10
Jan
13

Naked Lunch (1991)

Hmmm... is that a talking bug?

Hmmm… is that a talking bug?

I was never able to finish reading William S. Burroughs’ Naked Lunch. Perhaps I was too young. More likely, I just didn’t have the patience for a book that seemed to go nowhere and made little to no sense. Usually my patience is equally short for films that go nowhere and make little to no sense, but my soft-spot for Cronenberg and weird shit in general trumps that here. I didn’t love it, but the film Naked Lunch is beautiful, strange and compelling.

One might wonder: “how can you film Naked Lunch?” The answer

Yep; that's a large, talking bug.

Yep; that’s a large, talking bug.

is, you don’t. What Cronenberg does instead is take elements from the book and pair them up with Burroughs’ biography. The result is a hilarious, weird, bugged-out noirish mystery about addiction, paranoia, sexuality and creativity.

Plot is secondary, but let me try to recap: Bill Lee (Peter Weller, who is awesome in this by the way) is an exterminator in New York City, and his lovely wife Joan (Judy Davis) is addicted to his bug powder. Bill is arrested and thrown into an interrogation room, where he meets a talking bug who convinces him his wife is a secret agent working against him. Bill is directed by this bug to kill her and go to Interzone to submit his report.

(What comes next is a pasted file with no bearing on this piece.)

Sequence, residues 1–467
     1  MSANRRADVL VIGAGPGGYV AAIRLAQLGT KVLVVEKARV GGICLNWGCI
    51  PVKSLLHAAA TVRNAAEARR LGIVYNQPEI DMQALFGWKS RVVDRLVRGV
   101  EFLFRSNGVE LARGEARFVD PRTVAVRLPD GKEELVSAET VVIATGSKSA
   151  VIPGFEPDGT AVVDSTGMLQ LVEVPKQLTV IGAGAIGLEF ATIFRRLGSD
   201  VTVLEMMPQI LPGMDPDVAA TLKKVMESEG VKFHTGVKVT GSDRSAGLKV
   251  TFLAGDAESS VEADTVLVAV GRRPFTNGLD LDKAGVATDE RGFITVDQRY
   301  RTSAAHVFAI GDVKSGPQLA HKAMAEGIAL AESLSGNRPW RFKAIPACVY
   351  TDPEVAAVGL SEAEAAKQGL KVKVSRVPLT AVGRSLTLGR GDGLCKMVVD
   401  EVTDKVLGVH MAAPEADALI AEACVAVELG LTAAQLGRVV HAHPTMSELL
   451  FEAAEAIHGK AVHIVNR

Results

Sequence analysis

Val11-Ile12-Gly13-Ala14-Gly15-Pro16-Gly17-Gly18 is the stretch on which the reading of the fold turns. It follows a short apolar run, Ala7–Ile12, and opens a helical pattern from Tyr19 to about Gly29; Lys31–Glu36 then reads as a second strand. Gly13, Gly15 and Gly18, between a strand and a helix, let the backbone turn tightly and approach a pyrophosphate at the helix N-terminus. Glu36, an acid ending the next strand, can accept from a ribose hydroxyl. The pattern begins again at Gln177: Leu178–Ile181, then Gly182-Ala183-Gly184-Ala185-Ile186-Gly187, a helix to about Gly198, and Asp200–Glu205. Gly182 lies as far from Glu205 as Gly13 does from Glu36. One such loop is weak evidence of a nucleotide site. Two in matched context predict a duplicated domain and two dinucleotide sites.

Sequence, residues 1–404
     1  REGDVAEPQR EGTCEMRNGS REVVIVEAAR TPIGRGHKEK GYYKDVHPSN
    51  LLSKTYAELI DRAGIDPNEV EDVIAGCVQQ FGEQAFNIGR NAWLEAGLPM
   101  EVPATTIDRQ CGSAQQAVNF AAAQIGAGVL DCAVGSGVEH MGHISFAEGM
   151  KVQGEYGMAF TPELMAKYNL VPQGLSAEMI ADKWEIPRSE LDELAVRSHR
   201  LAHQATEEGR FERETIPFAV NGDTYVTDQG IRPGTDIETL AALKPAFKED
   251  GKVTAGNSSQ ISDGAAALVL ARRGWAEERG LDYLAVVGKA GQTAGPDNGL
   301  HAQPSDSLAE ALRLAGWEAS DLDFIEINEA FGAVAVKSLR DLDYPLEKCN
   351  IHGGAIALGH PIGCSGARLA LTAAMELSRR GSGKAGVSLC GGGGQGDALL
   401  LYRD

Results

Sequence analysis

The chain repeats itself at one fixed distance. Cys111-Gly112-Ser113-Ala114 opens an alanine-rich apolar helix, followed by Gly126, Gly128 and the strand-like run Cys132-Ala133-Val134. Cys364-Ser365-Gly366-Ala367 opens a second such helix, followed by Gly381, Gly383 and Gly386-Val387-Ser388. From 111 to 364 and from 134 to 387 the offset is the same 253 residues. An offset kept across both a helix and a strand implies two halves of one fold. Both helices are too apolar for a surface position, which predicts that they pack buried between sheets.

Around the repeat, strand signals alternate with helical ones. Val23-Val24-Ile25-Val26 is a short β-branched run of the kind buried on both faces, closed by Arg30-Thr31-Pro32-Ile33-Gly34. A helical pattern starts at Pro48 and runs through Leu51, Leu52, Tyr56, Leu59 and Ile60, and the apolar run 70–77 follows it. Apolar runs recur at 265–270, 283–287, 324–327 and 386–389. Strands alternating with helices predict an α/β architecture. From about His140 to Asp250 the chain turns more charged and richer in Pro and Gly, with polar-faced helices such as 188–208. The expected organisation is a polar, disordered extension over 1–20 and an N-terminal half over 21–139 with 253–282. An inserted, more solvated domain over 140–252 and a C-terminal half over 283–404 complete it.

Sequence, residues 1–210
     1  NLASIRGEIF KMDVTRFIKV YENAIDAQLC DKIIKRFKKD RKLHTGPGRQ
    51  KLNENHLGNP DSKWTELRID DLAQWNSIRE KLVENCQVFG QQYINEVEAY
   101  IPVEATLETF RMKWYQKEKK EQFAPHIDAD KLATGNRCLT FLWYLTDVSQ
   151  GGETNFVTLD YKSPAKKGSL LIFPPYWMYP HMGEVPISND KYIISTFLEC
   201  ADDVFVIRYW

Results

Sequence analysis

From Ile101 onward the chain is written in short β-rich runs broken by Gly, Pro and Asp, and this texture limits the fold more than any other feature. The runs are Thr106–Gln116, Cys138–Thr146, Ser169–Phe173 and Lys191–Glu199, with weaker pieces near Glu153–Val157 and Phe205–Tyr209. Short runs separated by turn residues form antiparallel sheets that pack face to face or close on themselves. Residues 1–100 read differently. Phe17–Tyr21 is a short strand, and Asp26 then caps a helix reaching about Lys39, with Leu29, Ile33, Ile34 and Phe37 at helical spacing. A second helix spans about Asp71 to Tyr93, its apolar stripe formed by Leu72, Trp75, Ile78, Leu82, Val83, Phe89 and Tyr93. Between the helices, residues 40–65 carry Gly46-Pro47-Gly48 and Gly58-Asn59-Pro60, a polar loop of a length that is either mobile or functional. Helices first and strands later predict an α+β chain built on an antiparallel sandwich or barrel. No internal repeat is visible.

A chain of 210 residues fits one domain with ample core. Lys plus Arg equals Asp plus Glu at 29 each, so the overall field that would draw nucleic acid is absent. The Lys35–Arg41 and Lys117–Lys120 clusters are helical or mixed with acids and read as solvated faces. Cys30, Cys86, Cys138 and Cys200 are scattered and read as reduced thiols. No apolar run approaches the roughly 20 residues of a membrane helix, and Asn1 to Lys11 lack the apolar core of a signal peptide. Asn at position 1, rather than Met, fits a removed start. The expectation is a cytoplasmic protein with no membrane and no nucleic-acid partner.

Novel.

Novel.

Bill does kill his wife, though accidentally during a botched game of William Tell (which actually happened to Burroughs). He runs off to Interzone and starts typing up his report, on a typewriter that seems to be a large, talking bug with a keypad, of course.

Bill meets some strange characters in Interzone, but more importantly is confronted with a lot of his own personal issues, such as his sexuality and his addiction to drugs. Throughout the film Bill evolves from “hell no I’m not gay” to having a near-permanent male squeeze named Kiki by the end.

Hell of a typewriter.

Hell of a typewriter.

Somewhere in the middle, Bill’s friends show up and start gushing over the pages of the novel he’s working on. Bill claims he’s not doing any of the writing. If he is, it’s not really him doing it – it’s the drugs and the typewriter. His friends tell him well, whatever works – you’ve got to finish this thing. And so Bill plunges deeper into the world of Interzone.

Do I totally get it? No. Does that bother me? Yes. Am I supposed to totally get it? Eeehhhhh, that’s up in the air, but I don’t think so. During the first few scenes I asked “what’s going on?” Q says: “Don’t worry about it, just go with it.” And he was right. It looks good, it’s weird and gooey, and I’ll say it again: Peter Weller is totally awesome in it. Shit, it even has interesting and important things to say, so stop trying to figure it out and just enjoy the ride.

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